# Function for which trapezoidal rule outperforms midpoint rule for every $n$

Is there a continuous elementary function $f:[0,1]\to [0,\infty)$ such that for every $n$ the trapezoidal approximation to $\int_{0}^{1}f(x)\,dx$ with $n$ trapezoids is strictly better than the midpoint approximation with $n$ rectangles?

The point of this questions is that even though the midpoint approximation to an integral is generally better than the trapezoidal approximation, there is, for each $n$, a continuous function $f:[0,1]\to \mathbb{R}$ such that the trapezoidal approximation to $\int_{0}^{1}f(x)\,dx$ with $n$ trapezoids is better than the midpoint approximation with $n$ rectangles. See here for an example.

I added the restriction that $f$ be elementary so I can talk about the answer with my calculus students. I added the restriction that $f$ be non-negative for simplicity.

• I can't help with your question, but I find it curious in your link the author claimed there was no antiderivitive of $\frac 1 x$. Strange.
– Alan
Oct 6, 2014 at 15:37
• What does the author mean when writing that "we have never come across a function whose derivative is $\frac1x$"? Oct 6, 2014 at 15:38
• @Alan Actually he only claimed that they'd "never come across a function whose derivative is $\frac{1}{x}$". I suppose this means they've not defined the natural log yet. Oct 6, 2014 at 15:39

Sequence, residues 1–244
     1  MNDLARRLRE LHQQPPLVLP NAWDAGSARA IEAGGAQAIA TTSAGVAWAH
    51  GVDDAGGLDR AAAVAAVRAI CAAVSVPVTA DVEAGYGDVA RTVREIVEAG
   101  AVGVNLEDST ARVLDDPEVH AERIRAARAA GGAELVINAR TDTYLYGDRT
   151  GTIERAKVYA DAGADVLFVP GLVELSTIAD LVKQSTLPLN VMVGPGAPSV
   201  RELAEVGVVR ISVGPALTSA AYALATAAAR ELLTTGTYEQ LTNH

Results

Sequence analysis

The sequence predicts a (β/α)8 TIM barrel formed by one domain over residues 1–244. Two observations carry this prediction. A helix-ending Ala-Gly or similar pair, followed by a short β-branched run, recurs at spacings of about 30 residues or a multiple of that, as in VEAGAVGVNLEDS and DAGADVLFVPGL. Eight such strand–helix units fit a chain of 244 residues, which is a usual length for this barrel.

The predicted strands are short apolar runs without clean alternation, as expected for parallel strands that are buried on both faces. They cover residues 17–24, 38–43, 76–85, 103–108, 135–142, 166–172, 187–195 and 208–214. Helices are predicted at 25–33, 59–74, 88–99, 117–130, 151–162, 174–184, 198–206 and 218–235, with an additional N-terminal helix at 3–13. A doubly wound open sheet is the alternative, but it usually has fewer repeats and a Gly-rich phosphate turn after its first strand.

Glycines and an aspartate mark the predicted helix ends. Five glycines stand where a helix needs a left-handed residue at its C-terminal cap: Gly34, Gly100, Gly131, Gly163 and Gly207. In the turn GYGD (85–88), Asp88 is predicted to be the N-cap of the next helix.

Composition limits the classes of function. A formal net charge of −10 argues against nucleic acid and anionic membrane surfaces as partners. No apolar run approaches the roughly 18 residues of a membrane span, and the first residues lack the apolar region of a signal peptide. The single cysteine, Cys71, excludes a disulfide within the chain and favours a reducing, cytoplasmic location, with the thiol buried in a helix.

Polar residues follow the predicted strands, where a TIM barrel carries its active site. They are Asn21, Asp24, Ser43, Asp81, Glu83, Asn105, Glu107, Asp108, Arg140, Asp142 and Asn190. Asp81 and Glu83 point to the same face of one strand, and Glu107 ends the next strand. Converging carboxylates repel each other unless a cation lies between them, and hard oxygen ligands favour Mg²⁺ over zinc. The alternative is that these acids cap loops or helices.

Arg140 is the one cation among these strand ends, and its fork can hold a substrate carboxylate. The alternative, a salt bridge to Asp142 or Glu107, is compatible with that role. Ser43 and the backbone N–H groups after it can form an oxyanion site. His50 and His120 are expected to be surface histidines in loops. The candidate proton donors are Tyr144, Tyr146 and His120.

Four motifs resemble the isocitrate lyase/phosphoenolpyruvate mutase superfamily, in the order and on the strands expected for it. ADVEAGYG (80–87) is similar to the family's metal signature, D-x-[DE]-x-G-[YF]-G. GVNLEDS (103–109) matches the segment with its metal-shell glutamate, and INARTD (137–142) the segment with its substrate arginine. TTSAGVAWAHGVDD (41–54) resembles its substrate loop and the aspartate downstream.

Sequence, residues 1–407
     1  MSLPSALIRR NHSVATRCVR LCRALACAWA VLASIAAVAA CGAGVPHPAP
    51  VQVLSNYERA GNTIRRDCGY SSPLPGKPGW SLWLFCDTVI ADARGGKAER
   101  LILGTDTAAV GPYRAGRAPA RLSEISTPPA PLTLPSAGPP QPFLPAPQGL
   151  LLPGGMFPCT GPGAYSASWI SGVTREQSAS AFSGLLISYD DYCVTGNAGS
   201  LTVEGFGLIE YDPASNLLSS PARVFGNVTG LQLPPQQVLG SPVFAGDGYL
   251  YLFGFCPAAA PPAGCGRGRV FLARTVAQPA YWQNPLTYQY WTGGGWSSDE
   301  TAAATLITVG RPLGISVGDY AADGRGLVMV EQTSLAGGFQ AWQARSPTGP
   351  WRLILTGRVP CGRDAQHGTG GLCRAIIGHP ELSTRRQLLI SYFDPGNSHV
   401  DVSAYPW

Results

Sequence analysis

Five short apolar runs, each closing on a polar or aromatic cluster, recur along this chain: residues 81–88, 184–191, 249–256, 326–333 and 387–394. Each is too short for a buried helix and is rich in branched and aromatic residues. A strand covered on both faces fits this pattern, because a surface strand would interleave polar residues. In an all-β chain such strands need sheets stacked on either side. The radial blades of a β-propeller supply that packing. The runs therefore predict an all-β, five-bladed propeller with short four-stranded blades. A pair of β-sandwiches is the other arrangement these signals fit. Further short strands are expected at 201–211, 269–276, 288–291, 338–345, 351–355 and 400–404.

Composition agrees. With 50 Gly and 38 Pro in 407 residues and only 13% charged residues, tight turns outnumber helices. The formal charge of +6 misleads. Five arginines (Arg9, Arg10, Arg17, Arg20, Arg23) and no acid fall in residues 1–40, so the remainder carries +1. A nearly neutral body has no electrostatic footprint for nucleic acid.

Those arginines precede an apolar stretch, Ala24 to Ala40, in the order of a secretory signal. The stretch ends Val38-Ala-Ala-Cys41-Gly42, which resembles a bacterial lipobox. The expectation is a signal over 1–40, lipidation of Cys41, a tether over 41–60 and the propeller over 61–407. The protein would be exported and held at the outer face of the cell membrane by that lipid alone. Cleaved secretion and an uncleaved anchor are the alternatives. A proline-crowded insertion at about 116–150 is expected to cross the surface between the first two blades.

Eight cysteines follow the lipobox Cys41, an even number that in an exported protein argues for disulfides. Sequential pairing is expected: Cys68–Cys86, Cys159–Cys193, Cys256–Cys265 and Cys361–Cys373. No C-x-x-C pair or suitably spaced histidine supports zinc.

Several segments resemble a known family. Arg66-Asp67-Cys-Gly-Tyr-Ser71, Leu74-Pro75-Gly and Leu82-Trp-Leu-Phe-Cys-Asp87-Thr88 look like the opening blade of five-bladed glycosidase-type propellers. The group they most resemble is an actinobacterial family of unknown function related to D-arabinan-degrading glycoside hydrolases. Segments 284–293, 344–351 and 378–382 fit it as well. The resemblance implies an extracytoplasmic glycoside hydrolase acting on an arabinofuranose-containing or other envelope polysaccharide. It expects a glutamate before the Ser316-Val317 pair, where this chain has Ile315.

• Hmm, so is it calculus limited to polynomials? Sounds like the precalculus was badly neglected in that class ;)
– MPW
Oct 6, 2014 at 15:41
• Here's one where at least midpoint isn't always better. In fact the choice of lowest error method fluctuates in an oscillatory way with n: f(x)=$\sqrt{|\tan(\pi x)|}$.
– SDiv
Oct 9, 2014 at 14:58

Consider a function of the form $$f(x) = \sum_{j=1}^\infty c_j \cos(2 \pi j x)$$ Then the errors $ME(n)$ and $TE(n)$ in midpoint and trapezoid rules are \eqalign{TE(n) &= \sum_{k=1}^\infty c_{kn} \cr ME(n) &= 2 TE(2n) - TE(n) = \sum_{k=1}^\infty (-1)^{k} c_{kn} \cr} For example, let $c_j = (-1)^{d(j)} 2^{-j}$ where $d(j)$ is the $2$-adic order of $j$, i.e. $d(j) = d$ if $2^d$ divides $j$ but $2^{d+1}$ does not. Then if $d(n) = d$ we have \eqalign{TE(n) &= (-1)^d \left(\sum_{k\; odd} 2^{-kn} - \sum_{k\; odd} 2^{-2kn} + \sum_{k \; odd} 2^{-4kn} + \ldots\right)\cr &= (-1)^d \left( \dfrac{2^{-n}}{1-4^{-n}} - \dfrac{2^{-2n}}{1-4^{-2n}} + \dfrac{2^{-4n}}{1-4^{-4n}} - \ldots \right)\cr } while $$ME(n) = (-1)^{d+1} \left( \dfrac{2^{-n}}{1-4^{-n}} + \dfrac{2^{-2n}}{1-4^{-2n}} - \dfrac{2^{-4n}}{1-4^{-4n}} + \ldots \right)$$ so $|ME(n)| > |TE(n)|$.
• Hmm, well, it's not elementary, but it is the sum of a rapidly convergent series of elementary functions: $$\sum_{j=0}^\infty \dfrac{(8^{2^j} - 2^{2^j}) \cos(2^{j+1} \pi x)}{16^{2^j} + 1 - 2 \cdot 4^{2^j} \cos(2^{j+2} \pi x)}$$ if I haven't made a mistake. Oct 7, 2014 at 21:49